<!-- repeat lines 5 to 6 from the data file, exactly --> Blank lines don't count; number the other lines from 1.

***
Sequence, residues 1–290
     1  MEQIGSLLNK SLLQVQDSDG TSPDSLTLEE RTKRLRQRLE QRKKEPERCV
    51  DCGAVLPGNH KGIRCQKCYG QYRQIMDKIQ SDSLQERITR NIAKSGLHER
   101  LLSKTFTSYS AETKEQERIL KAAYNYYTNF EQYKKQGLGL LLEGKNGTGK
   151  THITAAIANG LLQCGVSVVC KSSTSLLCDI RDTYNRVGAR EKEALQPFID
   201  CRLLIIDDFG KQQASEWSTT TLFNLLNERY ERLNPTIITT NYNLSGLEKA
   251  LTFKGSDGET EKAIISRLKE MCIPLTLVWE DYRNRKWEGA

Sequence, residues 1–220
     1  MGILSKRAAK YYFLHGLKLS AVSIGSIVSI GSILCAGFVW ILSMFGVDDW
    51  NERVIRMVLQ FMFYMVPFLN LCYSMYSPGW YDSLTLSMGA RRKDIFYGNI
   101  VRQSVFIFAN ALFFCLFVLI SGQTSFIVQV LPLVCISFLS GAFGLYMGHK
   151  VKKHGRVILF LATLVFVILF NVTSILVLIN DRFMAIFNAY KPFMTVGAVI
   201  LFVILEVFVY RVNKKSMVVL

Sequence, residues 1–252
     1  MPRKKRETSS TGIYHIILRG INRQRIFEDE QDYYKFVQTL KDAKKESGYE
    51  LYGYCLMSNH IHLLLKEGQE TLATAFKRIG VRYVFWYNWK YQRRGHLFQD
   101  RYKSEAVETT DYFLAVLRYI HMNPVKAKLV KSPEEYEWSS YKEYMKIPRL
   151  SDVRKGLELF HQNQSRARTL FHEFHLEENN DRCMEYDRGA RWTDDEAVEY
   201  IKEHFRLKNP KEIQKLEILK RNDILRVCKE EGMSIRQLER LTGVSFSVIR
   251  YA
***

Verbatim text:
   151  THITAAIANG LLQCGVSVVC KSSTSLLCDI RDTYNRVGAR EKEALQPFID
   201  CRLLIIDDFG KQQASEWSTT TLFNLLNERY ERLNPTIITT NYNLSGLEKA